recorder -- the DVR-3000. It has a smart, blue LED of course, smack
bang in the center of the fascia, and is the spiritual successor
to the company's DVR-1000 player, released in December 1999 (a world
first). And so you can feel smug about waiting until now, the new
DVR-3000 is half the price of its old granpappy but inherits many of
the high-end features and functions of Pioneer's flagship DVR-7000
model, including one-touch recording from the remote, i.LINK
input/ouput and progressive scan circuitry. The DVR-3000 was jointly
developed with Sharp, as we mentioned, so the two players share many
cool features (auto start recording, VR and video recording modes,
'disc-navi' listings at a glance, MP3 compatibility, and so on). In
fact, the two machines from Panasonic and Pioneer are, to all intents
and purposes, identical: same specs, same price, same functions, same
on sale date. The Pioneer's dimensions are a tiny, un-noticeable
fraction smaller and the Panny has more blue LED going on, but that's
about it.
More info: http://www.pioneer.co.jp/press/release295-j.html

Name: Sony DCR-IP55 MicroMV digital camcorder
Category: Camcorder
Price: TBA
Release date in Japan: April 25, 2002

The Gist: Incredibly, Sony has already announced the second wave of
its new MicroMV camcorders, using the company's tiny, proprietary tape
standard.
The main reason for the update is that the camera now has a
1,070,000-pixel CCD. 2.5-inch TFT LCD monitor, making it megapixel for
the first time. The announcement actually covers a whole bunch of new
digicams, but it's the MicroMV model that caught our eye here at GW,
because the first of its kind has only been on the market for a few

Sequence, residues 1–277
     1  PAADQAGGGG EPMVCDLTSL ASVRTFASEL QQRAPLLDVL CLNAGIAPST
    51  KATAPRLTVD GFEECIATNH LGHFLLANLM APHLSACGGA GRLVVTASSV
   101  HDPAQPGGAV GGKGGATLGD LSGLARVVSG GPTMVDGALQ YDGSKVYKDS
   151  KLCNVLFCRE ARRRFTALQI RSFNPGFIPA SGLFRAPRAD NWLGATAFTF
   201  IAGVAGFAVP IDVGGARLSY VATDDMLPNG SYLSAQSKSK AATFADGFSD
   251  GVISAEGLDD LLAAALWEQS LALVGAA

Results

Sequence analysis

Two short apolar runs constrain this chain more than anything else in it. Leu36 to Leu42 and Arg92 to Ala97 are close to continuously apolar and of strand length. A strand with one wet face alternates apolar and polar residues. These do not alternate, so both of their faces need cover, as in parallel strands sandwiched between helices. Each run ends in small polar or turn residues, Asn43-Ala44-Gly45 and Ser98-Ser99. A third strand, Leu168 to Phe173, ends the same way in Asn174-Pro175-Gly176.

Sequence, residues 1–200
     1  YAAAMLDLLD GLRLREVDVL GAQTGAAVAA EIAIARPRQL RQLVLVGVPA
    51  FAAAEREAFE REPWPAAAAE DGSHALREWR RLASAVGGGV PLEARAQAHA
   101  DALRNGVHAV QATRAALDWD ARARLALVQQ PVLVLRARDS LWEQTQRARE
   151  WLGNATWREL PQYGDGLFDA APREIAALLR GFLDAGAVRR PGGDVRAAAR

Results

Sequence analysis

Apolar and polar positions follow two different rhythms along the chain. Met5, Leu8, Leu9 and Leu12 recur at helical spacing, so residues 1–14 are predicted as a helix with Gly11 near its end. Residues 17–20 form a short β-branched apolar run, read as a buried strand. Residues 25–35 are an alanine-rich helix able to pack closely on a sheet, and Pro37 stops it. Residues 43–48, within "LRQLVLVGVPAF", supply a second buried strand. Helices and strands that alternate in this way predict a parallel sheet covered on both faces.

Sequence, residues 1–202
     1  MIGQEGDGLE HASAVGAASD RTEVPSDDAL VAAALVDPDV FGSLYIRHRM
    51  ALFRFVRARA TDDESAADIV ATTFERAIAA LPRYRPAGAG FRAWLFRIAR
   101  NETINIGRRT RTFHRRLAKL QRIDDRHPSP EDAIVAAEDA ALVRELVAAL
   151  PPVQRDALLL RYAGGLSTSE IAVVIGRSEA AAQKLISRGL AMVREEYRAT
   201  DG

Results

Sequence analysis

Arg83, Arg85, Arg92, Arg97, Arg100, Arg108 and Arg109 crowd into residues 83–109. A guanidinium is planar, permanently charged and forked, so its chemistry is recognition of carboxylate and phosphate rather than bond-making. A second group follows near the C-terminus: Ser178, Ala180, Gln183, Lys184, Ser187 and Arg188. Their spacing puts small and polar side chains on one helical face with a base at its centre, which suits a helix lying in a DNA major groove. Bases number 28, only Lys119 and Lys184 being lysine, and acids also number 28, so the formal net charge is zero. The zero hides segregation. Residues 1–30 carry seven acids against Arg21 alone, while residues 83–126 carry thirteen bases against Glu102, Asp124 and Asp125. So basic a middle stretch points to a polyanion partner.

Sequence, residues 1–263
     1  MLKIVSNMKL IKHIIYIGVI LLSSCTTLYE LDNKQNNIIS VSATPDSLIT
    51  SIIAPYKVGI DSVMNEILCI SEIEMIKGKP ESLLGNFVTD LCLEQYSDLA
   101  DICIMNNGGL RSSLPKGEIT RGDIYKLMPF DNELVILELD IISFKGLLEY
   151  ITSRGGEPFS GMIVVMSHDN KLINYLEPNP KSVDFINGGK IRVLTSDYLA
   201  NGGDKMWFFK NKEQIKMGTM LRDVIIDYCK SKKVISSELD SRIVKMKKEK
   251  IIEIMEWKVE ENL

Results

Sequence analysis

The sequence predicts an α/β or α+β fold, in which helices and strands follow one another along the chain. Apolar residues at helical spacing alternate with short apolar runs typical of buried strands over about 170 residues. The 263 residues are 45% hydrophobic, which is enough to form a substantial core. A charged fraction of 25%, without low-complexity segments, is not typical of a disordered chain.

months. Recording to the MPEG2 specification and with a touch-panel
hybrid LCD monitor, the IP55 boasts an impressive Carl Zeiss lens.
There's a Memory Stick slot and USB port and the camcorder is
Bluetooth compatible. You have a 10x optical and 120x digital zoom to
play with and over eight hours of recording is possible using one of
the optional 'stamina' batteries. Another change is the new "sliding
grip" to hold and steady the camera -- something sorely missing from
the first rendition of the camera given its elfin proportions and
tendency to wobble.
More info:
http://www.sony.co.jp/sd/CorporateCruise/Press/200202/02-0212/

Name: Sony DVP-F41MS Memory Stick DVD player
Category: DVD
Price: TBC
Release date in Japan: March 1, 2002

The Gist: The DVP-F41MS is a Memory-Stick-packing compact DVD player.

The B5 size player stands on its end in the trendy, space-saving
vertical orientation, although, by the look of it, the LED display
remains horizontally aligned. And why would you want to put Memory
Sticks in a DVD player, you ask? Why, to use the machine to display
digital still camera pictures (from a Sony Cybershot, naturally),
camcorder movies or even play back your ATRAC3 tunes on your TV,
silly. The DVP-F41MS can also handle CD, CD-RW and CD-R discs, as well
as DVD-RW discs created in the VR and Video modes the two previously
introduced DVD recorders from Panasonic and Sharp are capable of, as
well as DVD-R discs. The player's very light, too, at only 1.5kg.
More info:
http://www.sony.co.jp/sd/CorporateCruise/Press/200202/02-0213/

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STAFF

Written by Max Everingham (max@everingham.net)

Editor: J@pan Inc editors (editors@japaninc.net)